Note: High voltage itself does no harm. However, a large voltage difference makes it more desirable for charge to jump, and in doing so, creates a larger current. Think of it like standing on the edge a tall cliff. It isn't being on the high cliff that's the problem. It's what happens after you step off as a result of the rock underfoot no longer "insulating" you from gravity's influence and allowing air to readily "conduct" you (hopefully into a safety net!).
The Three-Pronged Plug
In household settings, grounding treats both the "symptom" and the "disease" in the event of an unanticipated accumulation of charges on the surfaces of appliances. It not only allows the rogue charges an immediate "one-way" exit so they can disperse elsewhere, but it also prevents the entry of more unwanted charges by interrupting the circuit "upstream."
A typical modern outlet has three holes: two side-by-side slits and an almost-round aperture beneath. The smaller vertical slit is for the "hot" wire (or literally, plug component) for incoming current; its longer partner is for the neutral (exit) wire. The round plug is a ground wire connected straight to an exit from the circuit, so dangerous charges that would otherwise flow along the surface of an appliance can flee for the ground. This wire is set up so that above a given current level, the entire circuit is broken and all incoming current stops.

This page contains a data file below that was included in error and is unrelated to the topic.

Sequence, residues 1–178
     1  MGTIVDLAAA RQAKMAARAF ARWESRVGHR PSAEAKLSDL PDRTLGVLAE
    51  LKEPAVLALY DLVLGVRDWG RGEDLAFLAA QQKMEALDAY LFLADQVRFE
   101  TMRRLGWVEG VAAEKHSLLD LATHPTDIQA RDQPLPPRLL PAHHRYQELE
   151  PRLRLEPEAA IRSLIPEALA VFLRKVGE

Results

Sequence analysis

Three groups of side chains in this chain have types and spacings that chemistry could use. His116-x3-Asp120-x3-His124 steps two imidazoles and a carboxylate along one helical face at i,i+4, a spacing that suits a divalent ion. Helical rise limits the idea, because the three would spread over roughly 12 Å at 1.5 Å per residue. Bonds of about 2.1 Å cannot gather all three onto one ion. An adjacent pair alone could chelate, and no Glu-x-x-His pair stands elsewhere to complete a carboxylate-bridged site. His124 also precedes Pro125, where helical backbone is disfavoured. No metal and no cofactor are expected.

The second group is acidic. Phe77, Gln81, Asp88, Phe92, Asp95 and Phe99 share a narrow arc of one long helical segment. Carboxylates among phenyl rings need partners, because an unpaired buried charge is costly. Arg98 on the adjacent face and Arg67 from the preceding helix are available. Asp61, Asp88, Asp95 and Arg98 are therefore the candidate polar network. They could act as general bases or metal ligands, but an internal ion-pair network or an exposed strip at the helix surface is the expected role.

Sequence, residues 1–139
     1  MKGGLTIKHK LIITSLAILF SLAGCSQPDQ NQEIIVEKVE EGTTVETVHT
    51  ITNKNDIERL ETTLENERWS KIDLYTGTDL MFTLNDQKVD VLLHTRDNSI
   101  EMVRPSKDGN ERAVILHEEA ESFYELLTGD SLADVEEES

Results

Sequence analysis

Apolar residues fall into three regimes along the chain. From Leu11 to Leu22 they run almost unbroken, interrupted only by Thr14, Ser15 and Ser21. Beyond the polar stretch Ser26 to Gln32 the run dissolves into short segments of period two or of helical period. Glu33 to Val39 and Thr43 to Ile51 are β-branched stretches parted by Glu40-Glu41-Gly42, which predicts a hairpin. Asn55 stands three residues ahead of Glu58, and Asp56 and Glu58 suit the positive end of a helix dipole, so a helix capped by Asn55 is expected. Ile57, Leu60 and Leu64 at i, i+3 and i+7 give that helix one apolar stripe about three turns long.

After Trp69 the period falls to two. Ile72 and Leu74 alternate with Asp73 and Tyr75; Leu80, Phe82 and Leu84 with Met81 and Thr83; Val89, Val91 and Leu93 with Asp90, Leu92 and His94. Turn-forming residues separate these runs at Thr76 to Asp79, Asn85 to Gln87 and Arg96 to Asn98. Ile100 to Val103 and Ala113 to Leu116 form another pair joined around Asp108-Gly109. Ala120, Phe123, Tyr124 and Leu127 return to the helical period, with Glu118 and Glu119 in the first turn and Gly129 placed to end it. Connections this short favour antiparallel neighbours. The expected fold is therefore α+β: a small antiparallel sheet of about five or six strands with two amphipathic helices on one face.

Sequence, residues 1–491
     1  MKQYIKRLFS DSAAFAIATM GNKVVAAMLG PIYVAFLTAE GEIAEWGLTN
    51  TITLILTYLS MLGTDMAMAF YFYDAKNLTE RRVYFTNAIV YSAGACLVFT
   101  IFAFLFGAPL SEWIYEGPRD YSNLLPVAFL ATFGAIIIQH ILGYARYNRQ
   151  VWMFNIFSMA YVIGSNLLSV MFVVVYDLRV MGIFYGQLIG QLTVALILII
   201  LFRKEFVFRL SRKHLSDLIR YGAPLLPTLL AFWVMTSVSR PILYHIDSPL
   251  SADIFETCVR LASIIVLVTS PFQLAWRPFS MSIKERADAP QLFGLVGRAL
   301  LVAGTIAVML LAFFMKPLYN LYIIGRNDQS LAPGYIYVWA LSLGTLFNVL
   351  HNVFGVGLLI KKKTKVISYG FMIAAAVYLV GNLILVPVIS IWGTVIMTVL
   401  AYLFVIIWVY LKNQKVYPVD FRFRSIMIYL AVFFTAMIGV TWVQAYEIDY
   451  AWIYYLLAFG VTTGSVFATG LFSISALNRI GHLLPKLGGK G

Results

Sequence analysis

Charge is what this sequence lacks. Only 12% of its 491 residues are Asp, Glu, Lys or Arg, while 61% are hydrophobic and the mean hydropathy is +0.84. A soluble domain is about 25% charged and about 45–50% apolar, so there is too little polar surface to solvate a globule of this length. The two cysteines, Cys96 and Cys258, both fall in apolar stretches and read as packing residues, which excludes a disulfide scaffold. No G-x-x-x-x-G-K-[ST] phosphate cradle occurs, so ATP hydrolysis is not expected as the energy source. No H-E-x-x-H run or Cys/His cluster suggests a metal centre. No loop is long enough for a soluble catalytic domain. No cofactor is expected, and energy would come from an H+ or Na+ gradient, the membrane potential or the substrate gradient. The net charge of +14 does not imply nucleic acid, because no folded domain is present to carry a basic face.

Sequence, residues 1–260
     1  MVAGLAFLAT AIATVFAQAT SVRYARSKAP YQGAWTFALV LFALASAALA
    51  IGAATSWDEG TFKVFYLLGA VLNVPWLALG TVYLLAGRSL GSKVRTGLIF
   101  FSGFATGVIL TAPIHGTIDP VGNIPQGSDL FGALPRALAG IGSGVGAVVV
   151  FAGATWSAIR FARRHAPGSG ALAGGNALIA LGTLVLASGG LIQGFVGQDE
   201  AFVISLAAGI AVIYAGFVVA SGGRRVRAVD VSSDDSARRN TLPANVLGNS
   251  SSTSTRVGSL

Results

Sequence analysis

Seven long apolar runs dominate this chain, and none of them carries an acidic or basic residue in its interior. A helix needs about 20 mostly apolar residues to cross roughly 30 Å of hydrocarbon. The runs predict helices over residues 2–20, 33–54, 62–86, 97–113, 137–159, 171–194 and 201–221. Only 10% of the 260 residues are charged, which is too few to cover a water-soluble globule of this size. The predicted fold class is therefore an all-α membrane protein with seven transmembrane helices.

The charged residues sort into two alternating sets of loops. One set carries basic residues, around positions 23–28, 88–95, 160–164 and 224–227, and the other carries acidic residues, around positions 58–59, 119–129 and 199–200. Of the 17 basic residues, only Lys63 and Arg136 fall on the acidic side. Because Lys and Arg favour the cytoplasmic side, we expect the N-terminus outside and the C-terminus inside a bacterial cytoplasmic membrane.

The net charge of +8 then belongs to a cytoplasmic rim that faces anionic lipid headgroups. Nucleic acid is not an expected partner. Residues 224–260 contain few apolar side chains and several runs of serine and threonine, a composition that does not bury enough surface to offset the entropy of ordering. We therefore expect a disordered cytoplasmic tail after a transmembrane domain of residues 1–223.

Examples of Grounding
Grounding allows for safe voltage stabilization in large circuits and systems. A voltage stabilizer ensures that incoming voltage, which can actually fluctuate considerably around its desired value once inside complex and sensitive circuits such as a computer microprocessor, is normalized to a tightly constrained value by increasing or decreasing V as needed.
An electroscope is a conductor that uses charge induction to signal the presence of external charges. This uses the principle that electrons repel each other. If a source of electrons such as a charged glass rod (an example of static electricity; electrons just "sit" there because glass is insulating) is held close to the side of the conducting (but neutral!) electroscope, this "pushes" the electrons in the ball as far away as they can go. This is to the center of the unit, where metal "leaves" are pushed apart to signal the electrons gathered near the side of the ball on the surface of the tip of the rod.
As this happens, the build-up of electrons inside has to be balanced somehow, since the sphere is conducting. As a consequence, positive charges collect, as you might predict, near the tip of the rod.
- The application of a grounding wire to get around the insulating base of the electroscope would clearly change this picture. How?
About the Author
Kevin Beck holds a bachelor's degree in physics with minors in math and chemistry from the University of Vermont. Formerly with ScienceBlogs.com and the editor of "Run Strong," he has written for Runner's World, Men's Fitness, Competitor, and a variety of other publications. More about Kevin and links to his professional work can be found at www.kemibe.com.